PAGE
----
The regulation and management of interrelations among groups.
What is a band?
A small, kin-based group related by blood or marriage.
Today, where are they found? (2 answers)
Among modern hunters & gatherers/foragers and within nation-states
Political Characteristics of Band Societies
True/False: Band societies are egalitarian. If false, why?
What two things are band societies based on?
Kinship and reciprocity
True/False: All members had the same access to resources. If false, why?
True/False: There is formal law. If false, why?
False. The system of rules is enforced by informal institutions.
What kind of societies are tribal? (2 kinds)
Pastoralist or horticulturalist societies.
Although most tribes are egalitarian, what do some of them have?
Tribes have _____ access to resources and ____ authority of tribal leaders.
Yanomami (Brazil, Venezuela)
Consists of 20,000 people living in 200-250 scattered villages of 40-250 people.
True/False: The male village head has limited authority. If false, why?
How does the male village head lead?
He leads by example or persuasion, not by power over other members. He must be generous.
Papua new Guinea (Indonesia)
What does the "Big Man" do?
He leads several villages.
The "Big Man" is usually _______ than others he must be _______ with people he leads, and he usually _______ regional events such as feast and markets.
wealthier; generous; regulates
What sometimes happened to greedy "Big Men"?
They were sometimes murdered by followers.
What are pantribal sodalities?
Non-kin groups/associations extending across several villages.
Groups of one gender born during a certain time frame are known as ____ ______.
True/False: In pantribal sodalities, age sets are usually female. If false, why?
False. They are usually male.
True/False: Age sets usually fought in warfare together, and go through adult initiation rites together. If false, why?
When did chiefdoms first develop?
Around 10,000-7,000 years ago.
Carneiro defines a chiefdom as an "_________ political unit compromising a number of villages under the _______ control of a paramount _______"
autonomous; permanent; chief
Political Characteristics of Chiefdoms
What are rank, power, and prestige based on? (2 things)
Chiefs were full time _____ specialists, and had control over regular ________ and ______ of resources.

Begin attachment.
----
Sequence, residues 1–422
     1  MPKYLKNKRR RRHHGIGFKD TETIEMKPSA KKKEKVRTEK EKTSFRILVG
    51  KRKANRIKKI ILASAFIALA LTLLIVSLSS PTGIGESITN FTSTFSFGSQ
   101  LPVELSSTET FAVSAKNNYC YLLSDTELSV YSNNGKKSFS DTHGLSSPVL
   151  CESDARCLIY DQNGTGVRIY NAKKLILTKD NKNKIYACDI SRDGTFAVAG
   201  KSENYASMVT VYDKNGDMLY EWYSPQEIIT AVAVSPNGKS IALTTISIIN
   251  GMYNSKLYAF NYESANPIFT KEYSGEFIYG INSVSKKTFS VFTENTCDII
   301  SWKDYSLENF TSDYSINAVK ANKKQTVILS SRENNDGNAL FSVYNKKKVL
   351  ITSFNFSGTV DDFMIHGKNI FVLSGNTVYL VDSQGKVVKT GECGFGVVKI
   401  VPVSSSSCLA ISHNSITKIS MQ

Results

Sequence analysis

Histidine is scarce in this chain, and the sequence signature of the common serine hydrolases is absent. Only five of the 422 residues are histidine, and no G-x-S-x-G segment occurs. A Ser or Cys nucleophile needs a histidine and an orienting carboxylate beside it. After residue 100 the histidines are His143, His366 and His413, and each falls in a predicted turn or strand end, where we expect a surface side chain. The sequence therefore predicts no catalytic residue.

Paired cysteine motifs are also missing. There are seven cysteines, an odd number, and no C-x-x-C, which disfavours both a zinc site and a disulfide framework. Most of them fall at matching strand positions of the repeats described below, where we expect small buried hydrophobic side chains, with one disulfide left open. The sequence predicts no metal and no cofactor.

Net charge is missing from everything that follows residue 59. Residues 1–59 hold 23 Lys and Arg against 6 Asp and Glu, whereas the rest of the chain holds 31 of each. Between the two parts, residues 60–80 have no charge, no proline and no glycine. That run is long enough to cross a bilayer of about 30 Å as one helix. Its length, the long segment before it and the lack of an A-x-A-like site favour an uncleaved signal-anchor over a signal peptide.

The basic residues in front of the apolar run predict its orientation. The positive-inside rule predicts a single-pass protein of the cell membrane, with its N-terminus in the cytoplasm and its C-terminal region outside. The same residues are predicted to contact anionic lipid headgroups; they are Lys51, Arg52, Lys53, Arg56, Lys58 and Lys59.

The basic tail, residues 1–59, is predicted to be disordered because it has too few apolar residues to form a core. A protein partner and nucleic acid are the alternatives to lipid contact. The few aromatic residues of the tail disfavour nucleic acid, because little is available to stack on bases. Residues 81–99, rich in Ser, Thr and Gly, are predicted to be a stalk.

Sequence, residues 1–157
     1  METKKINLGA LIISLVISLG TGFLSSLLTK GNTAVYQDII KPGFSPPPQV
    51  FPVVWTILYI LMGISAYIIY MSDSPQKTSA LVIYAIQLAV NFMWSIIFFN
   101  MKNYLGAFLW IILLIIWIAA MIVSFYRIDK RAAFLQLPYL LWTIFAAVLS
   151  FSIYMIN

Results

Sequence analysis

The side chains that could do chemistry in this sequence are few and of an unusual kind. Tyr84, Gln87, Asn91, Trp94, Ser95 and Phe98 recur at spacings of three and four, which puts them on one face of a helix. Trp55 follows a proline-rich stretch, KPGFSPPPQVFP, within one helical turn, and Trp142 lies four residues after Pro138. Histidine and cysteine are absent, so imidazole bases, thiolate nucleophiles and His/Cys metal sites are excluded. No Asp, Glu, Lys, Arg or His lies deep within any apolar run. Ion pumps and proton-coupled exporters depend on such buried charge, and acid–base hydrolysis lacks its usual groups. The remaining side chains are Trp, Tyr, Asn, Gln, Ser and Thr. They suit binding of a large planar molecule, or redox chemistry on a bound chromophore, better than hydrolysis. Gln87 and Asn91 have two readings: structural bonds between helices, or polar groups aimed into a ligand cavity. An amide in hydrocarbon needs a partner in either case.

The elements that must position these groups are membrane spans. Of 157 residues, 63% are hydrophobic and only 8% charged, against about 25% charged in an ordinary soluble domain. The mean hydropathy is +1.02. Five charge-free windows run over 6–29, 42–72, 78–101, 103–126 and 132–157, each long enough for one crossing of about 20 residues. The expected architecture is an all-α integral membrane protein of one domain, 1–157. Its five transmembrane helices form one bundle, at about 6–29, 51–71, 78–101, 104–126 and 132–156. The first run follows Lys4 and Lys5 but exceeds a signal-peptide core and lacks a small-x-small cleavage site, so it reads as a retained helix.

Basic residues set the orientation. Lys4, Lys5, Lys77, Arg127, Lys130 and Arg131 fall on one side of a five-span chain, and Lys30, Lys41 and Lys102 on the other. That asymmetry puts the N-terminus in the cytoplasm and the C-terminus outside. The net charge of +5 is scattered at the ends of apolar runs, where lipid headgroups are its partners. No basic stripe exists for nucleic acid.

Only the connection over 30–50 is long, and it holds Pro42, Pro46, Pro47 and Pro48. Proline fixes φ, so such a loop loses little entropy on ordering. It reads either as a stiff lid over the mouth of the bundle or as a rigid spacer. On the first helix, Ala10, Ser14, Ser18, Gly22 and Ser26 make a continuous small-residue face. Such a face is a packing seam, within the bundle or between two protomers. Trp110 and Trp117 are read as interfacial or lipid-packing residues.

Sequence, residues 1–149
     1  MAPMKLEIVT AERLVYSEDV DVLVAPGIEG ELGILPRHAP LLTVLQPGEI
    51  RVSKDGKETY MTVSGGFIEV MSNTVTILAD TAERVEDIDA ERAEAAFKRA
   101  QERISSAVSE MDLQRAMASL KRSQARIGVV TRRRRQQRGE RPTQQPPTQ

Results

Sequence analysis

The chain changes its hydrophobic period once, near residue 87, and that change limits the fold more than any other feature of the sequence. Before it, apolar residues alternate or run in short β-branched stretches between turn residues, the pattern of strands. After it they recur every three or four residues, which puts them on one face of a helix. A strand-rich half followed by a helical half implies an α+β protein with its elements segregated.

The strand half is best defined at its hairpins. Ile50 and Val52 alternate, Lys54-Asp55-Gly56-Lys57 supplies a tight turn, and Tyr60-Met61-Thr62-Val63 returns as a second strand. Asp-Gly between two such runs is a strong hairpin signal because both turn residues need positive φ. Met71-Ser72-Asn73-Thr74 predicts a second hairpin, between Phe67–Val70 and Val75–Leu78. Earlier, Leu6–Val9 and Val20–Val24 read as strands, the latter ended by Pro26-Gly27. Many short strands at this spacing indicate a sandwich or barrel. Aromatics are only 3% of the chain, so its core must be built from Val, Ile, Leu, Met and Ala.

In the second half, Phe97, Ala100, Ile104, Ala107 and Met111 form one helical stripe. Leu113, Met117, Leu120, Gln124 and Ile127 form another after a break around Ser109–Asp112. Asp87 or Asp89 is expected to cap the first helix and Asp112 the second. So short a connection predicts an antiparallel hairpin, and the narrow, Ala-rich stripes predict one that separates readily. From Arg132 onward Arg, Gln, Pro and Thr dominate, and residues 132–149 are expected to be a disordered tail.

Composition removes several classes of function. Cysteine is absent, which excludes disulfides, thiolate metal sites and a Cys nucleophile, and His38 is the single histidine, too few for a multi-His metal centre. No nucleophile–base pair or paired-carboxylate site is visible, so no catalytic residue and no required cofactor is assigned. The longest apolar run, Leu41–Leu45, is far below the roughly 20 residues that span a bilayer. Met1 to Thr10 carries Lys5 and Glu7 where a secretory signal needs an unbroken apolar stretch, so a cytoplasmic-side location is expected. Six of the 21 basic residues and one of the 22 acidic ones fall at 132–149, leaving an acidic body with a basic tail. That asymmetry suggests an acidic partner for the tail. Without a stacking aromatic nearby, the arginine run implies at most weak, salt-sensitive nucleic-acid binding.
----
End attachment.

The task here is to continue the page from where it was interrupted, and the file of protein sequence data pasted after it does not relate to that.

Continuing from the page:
Define chiefly redistribution.
Resources flow from commoners to chief, and then back in the form of feasts and ceremonies.
Emergence of Social Stratification
What led to the creation of different social stratification in cheifdoms?
Differential access to resources.
Who are the superordinate and who are the subordinate?
The elite are the superordinate and the commoners are the subordinate.
Limited movement up or down in a social system due to marriage within one's own group is known as ______ _______.
What are Weber's three dimensions of social stratification?
Nation-states are _____ political units with social classes and a ______ government based on (written) rule of ______.
autonomous; formal; law
Nation-states are ____ areas with ______ populations.
Political Characteristics of Nation-States
How do nation-states enforce population control? (3 ways)
establishment of citizenship
The judiciary includes: (3 things)
Enforcement includes permanent _______ and ________.
Fiscal authority includes systems of ________.
When it comes to population control, what is strictly monitored?
Immigration and migration of people.
________ rights are granted to citizens and non-citizens.
When it comes to the judiciary, laws are based on precedent (definition) and legislative proclamations (______ _____).
past legal decisions; new laws
True/False: Nation-states legally intervene in family affairs. If false, why?
When it comes to enforcement: who enforces judiciary decisions?
_____ defends and attacks enemies of the nation; ______ enforces domestic matters; ______ collects taxes and sometimes confiscates property.
Military; police; IRS
When it comes to fiscal authority, the nation intervenes in the production, distribution, and consumption of resources by: printing and regulating ________; setting ______ rates; sometimes operating and managing _______; and redistributing resources (______).
currency; interest; business; taxes
Hegemony & Social Control
Define social controls.
Parts of social system (beliefs, practices, institutions) actively involved in maintenance of norms and regulations of conflict.
Cultural standards, guidelines enabling individuals to distinguish between appropriate and inappropriate behavior.
What is Gramsci's definition of hegemony?
Subordinates (commoners) willingly comply with domination by their ruler's values accepting the "naturalness" of domination.
What are three ways elites maintain power and curb resistance?
Making subordinated believe that they will eventually gain power.
Separating or isolating people while watching them closely.
What did Foucalt call this?
Weapons of the Weak (James Scott)
True/False: Open political (overt) resistance has usually been beneficial for subordinate classes. If false, why?
False. Overt resistance has led to loss of benefits and employment, jail, physical violence, and death.
What are the methods and practices that common people use to subvert and resist their domination by the ruling class known as?
Everyday forms of resistance?
Characteristics of Everyday Forms of Resistance
These do/do not require much planning or coordination, are often done by an ______ or ________ groups of people, and they avoid direct confrontation with _______.
do not; individual; small; authority
Other Forms of Resistance by Subordinate Class
Antihegemonic talk, speech, gestures, actions, also known as antihegemonic _________.